Amid a complex political and social context due to the fragility of democratic regimes, dictatorships or the U.S. interference that led to long periods of repression, Pop Art contrasts with a more subversive spirit, becoming a vital instrument of political and social denunciation.
According to Brazilian journalist Melissa Mota, one of the works that reflect the Latin American feeling of the time is that of the Chilean Hugo Rivera-Scott with the collage “Pop América” in 1968.
“Pop is represented as an explosion, as an onomatopoeia, while the name of the continent is written with tilde in the E a gesture that is opposed to the appropriation of the word by the United States and that opens the debate on the identity and definition of the American,” Mota explained.
In Brazil, one of the countries that mostly housed Pop Art during this time, the assimilation of this trend was strengthened holistically in painting, cinema, music, and other expressions.
During the Brazilian dictatorship, several artists, intellectuals, journalists, musicians, and others were persecuted, imprisoned, tortured, exiled or killed. Brazilian art itself underwent several transformations that forged the need to host new alternatives for expression.
The rebellious spirit of Brazilian artists succeeded in creating connections with the public and stirring the minds of spectators both through art and through music. One of the most relevant groups, for example, was the Tropicalia movement that inspired by the avant-garde of the time, gave rise to a new musical genre that, among other issues, stood out for its lyrics that –with a certain irony– criticized the system of censorship and the reality of a society immersed in a dictatorship.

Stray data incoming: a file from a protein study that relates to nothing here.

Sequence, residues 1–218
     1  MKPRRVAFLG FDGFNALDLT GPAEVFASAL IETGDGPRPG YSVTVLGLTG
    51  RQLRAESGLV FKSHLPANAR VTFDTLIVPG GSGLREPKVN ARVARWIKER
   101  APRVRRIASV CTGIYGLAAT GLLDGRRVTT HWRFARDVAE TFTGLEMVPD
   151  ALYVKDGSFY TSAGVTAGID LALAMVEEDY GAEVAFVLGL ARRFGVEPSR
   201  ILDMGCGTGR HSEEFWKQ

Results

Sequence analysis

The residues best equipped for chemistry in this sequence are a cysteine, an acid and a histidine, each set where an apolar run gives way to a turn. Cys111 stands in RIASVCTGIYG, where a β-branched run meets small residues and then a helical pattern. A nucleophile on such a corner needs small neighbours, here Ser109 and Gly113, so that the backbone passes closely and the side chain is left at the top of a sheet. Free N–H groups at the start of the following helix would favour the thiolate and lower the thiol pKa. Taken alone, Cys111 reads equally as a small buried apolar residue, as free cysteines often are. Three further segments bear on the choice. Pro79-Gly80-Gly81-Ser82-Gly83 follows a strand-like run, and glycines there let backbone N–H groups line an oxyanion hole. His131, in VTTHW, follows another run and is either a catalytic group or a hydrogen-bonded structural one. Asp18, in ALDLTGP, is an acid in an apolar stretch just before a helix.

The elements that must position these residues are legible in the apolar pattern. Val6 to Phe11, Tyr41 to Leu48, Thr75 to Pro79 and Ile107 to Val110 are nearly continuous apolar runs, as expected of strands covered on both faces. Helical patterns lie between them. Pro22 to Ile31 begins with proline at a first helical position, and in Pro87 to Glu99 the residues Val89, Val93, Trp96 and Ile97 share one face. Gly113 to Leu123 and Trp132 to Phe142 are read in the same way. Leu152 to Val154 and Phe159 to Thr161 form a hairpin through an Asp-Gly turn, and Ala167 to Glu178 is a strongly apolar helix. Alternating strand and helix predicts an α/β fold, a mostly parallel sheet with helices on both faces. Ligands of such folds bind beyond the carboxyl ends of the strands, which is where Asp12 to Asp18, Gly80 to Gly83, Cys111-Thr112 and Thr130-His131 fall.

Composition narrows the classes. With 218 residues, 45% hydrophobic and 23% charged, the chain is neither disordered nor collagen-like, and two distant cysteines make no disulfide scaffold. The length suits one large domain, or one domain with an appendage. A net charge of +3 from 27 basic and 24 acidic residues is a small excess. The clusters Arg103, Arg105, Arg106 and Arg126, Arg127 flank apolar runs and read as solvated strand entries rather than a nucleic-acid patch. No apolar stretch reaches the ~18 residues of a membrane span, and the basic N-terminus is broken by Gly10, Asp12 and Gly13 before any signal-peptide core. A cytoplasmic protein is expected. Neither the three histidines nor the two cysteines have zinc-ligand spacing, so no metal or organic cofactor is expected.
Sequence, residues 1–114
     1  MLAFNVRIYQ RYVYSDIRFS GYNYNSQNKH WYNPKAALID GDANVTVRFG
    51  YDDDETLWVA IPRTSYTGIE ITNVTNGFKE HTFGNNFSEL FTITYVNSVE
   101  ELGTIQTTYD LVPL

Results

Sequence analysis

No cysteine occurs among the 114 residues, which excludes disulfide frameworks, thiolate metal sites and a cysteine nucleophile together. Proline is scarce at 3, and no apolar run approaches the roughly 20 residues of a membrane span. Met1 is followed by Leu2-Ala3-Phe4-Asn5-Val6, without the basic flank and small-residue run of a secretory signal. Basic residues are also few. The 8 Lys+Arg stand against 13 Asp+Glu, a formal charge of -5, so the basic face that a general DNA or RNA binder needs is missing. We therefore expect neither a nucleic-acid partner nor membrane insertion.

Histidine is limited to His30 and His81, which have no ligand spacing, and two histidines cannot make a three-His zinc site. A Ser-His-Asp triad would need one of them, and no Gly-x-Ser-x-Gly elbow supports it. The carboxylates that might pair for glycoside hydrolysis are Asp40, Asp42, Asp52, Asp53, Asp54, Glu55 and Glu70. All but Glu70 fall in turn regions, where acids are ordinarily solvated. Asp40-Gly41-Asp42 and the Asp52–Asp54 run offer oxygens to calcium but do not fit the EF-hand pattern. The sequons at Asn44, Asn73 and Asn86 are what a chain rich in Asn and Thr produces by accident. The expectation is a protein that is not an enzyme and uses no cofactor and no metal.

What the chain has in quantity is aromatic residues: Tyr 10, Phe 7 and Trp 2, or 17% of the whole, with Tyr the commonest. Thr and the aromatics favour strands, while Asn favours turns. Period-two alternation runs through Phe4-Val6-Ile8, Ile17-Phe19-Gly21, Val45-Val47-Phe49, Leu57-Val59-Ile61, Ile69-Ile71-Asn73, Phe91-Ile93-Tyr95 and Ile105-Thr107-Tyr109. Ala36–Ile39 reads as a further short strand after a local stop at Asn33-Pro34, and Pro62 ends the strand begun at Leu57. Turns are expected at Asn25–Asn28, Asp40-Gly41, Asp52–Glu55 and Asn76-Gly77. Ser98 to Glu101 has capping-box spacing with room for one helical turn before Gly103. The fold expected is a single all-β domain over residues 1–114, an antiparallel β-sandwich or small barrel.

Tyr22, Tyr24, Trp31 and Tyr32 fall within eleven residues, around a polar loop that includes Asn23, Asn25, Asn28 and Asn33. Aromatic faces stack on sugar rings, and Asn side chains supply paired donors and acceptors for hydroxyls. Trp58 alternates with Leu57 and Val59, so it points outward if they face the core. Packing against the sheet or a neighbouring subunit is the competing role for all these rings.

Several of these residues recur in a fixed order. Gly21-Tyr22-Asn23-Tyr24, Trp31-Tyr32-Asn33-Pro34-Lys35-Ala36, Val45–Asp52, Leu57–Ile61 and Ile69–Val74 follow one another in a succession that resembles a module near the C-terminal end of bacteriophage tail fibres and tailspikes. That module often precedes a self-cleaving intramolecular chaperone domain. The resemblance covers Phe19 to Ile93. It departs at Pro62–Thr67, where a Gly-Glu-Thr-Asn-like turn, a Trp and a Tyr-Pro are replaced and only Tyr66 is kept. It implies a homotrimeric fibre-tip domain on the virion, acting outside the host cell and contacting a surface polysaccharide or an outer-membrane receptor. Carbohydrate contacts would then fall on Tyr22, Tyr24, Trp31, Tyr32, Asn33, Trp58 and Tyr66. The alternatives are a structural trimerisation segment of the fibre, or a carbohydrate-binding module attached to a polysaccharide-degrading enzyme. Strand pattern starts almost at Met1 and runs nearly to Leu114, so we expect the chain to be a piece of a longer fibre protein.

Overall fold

Argentina’s art also flourished during this period, as new expressive forms that were developed in the mythical Di Tella Institute, one of the most prominent cultural and artistic spaces in the country, where Marta Minujin was one of the most outstanding references.
The importance of Minujin lies in the fact that her presence questioned the idea of Pop Art as an exclusively masculine space, the imperialist men of art, knowledge or creativity. Minujin transgressed that myth and became one of the most recognized artists in her country and used her works to question censorship during the dictatorship.
However, the authoritarianism of the de facto government of Juan Carlos Ongania put a brake on the social and cultural effervescence that involved the mass exile of intellectuals, scientists and artists, many of whom no longer returned to the country. The Di Tella Institute was closed in 1970.
In Cuba, after the triumph of the Revolution in 1959, artists are also submerged by Pop Art trends. One of the most outstanding faces was Raul Martinez, who, inspired by the historical process that the country went through, stood out for his originality with which he portrayed the main heroes of the revolution such as Jose Marti, Ernesto Guevara, Camilo Cienfuegos, and Fidel Castro.
Cuban Pop Art stood out for its creativity and innovation, being one of the greatest legacies of the 60s. According to some critics, it was precisely this revolutionary spirit that catapulted it as the "golden period" of popular art in the Caribbean country.
The influence of Pop Art in Latin America developed in multiple ways and although each one with its own conception and representation sought to build a unique seal during its trajectory, the articulation of the entire Pop Art movement is summed up in its political character and the effervescence of consolidating a Latin American identity that is opposed to the U.S. or Europe.